by: Sean Hadfield [ ]
30-Foot 3-Window Wood Caboose
Scale : HO
Items : RND84381 (AT&SF), RND84390 (S.P.)
IntroductionRoundhouse Trains has produced the popular 30-foot 3-window wood caboose, ready to run, in HO scale at a reasonable $24.98 suggested retail price. Being a very common style, Roundhouse has marked them for 17 different roadnames for a total of 55 different numbers!
This review covers both AT&SF waycar #1430 and Southern Pacific caboose #783, in identical shades of boxcar red overall with white lettering.
Construction QualityThe lettering and stenciling is crisp. This is a neat, tidy car with wood planking texture but without many fine details, such as cable stays on the stovepipe, air hoses, or more than a hint at brake detail underneath. On both models, the end ladders stand loosely unattached at the roof, and the roof curls slightly to reveal a gap at each end. There seems to be a slight problem with the kit engineering that keeps the roof ends from settling down that last little bit. The wheels are very shiny, leaving the modeler to blacken or otherwise weather them later.
The body-mounted handgrabs are fine, but the end grabs and brake wheels are noticeably thick. This could possibly be an effort to make these models more rugged for younger railroaders.
HistoricalHistorical ATSF:Comparing prototype photos found on the internet, I learned that #1430 is a correct number for an Atchison Topeka & Santa Fe 30' wood waycar. I believe the 3-window type was numbered in the 1300's though. Photos of existing #1421 in Perris, CA and #1434 in Kingman, AZ show them to have 4 windows along each side, ladder grabs that extend above the roof (how else could you climb up and down?), window visors on the cupola, and distinct truss rods and a heavy wood underframe.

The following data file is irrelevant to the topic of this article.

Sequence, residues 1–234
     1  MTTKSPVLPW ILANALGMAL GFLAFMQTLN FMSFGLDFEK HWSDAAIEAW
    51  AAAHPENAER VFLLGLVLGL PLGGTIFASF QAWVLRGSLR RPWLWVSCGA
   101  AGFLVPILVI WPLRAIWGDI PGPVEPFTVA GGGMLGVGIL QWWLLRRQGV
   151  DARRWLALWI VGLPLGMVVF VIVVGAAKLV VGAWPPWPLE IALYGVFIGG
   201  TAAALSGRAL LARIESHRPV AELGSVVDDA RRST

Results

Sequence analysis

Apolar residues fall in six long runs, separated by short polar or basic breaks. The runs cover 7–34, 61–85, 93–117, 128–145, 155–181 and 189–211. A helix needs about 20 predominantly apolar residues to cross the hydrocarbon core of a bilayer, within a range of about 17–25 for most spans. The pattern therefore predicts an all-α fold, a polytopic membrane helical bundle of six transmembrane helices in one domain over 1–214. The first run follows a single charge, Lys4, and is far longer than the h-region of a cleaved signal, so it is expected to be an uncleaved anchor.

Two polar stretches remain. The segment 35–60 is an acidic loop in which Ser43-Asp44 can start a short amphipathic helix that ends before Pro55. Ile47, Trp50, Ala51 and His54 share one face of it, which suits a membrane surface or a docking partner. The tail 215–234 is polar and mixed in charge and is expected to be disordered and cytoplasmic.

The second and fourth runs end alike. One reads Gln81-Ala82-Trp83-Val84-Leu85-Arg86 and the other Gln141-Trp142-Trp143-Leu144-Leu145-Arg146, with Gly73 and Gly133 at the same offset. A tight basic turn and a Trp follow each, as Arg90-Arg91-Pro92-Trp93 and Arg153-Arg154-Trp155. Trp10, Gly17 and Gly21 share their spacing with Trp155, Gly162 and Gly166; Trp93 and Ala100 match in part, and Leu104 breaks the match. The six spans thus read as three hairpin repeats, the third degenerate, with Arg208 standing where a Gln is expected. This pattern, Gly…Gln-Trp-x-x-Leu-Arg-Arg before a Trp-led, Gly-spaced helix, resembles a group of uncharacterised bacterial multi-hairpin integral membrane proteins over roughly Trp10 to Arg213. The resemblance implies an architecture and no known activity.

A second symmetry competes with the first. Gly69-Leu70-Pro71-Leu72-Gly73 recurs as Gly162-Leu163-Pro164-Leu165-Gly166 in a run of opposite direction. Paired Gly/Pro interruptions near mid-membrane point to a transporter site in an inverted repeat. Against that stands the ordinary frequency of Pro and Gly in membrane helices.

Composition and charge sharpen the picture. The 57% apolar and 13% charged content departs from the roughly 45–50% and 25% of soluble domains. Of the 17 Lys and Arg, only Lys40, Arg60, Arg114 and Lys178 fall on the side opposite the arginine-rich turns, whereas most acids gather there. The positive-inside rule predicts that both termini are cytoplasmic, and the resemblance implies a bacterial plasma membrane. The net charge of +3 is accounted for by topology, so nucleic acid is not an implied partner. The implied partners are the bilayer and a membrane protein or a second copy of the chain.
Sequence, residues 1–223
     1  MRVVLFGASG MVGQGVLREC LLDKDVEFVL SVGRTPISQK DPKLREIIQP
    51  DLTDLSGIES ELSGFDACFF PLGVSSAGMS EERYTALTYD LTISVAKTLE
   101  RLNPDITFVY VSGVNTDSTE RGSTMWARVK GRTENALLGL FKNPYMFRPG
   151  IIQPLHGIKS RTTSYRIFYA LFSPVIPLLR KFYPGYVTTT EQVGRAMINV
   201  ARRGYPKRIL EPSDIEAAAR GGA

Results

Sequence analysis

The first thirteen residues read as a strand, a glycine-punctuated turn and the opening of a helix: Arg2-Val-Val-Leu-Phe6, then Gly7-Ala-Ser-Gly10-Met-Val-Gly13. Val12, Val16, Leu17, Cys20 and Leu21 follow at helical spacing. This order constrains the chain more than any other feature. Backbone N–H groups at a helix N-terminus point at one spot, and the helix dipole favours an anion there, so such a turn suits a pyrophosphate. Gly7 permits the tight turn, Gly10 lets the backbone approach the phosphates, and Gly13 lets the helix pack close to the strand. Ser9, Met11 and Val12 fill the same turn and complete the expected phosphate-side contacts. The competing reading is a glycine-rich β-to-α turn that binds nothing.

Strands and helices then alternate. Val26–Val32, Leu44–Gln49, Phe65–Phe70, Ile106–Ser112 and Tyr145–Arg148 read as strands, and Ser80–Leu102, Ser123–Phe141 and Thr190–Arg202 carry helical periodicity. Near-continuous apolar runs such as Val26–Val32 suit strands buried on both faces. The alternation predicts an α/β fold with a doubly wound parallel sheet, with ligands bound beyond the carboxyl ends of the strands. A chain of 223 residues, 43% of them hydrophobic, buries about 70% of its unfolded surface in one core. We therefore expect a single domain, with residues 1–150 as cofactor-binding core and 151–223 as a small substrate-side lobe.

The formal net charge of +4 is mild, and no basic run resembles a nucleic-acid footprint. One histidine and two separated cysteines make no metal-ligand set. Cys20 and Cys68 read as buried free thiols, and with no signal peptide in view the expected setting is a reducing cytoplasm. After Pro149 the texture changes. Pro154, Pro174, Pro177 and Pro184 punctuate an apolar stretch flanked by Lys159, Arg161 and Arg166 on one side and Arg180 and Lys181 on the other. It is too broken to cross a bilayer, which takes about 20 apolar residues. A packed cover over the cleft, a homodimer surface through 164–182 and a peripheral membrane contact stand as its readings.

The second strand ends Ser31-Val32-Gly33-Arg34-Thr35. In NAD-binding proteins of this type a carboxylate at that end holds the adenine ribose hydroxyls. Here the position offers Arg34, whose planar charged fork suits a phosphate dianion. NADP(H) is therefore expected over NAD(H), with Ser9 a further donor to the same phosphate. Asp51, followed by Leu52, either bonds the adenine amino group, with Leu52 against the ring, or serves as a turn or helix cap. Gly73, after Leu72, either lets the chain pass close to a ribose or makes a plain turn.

Historical SP:Some quick internet research of Southern Pacific cabooses show that 783 would have been a class C-30-1, built between 1917 and 1928 and numbered 586 to 899. This corresponds to the stenciling on the model "C-30-1 blt 10-27". While photos show the cupola narrower and slanted, I understand that many were modernized with a wider cupola as this model portrays. Unfortunately all SP cabooses of that class also seem to have had 4 windows per side, trusses on the cupola, window visors, ladder grabs above the roof, and commonly a large toolbox mounted underneath. If someone wants a more historically accurate model of an SP C-30-1 caboose, there are surprisingly three other choices! Walthers makes one (ID #932-7612) with the identical road number, but with the original narrow, slanted cupola and more intricate detail at an MSRP of $39.99. American Model Builders makes a laser-cut wood kit (ID #853) of SP #876 as built, without trucks or couplers, for an MSRP of $46.95. AMB also makes a kit (ID #876) of modernized SP #196 with options including either cupola, but without trucks or couplers, at an MSRP of $49.95.
OperationI'm an operating guy, and I was happy to see that these cars both check perfectly on an NMRA gauge for coupler height, wheel spacing, and flange height. They're hefty weight-wise, with metal wheels and axles in plastic trucks, so they roll flawlessly and trail well. The couplers are plastic, but the springs are metal, and the trip pins are magnetic. The couplers are made by McHenry, which is another member of the Horizon Hobby family. They are secured in their boxes by a screw and easily changed out if a different coupler is desired.
SummaryDespite accuracy issues, Roundhouse has done a fine job of providing a universal 30' wood caboose, lettered for all the popular railroads, so few modelers will feel left out, and detailers can add detail as they see fit. Straight from the box, it looks nice and runs well, and the price isn't outrageous. All in all a good deal.
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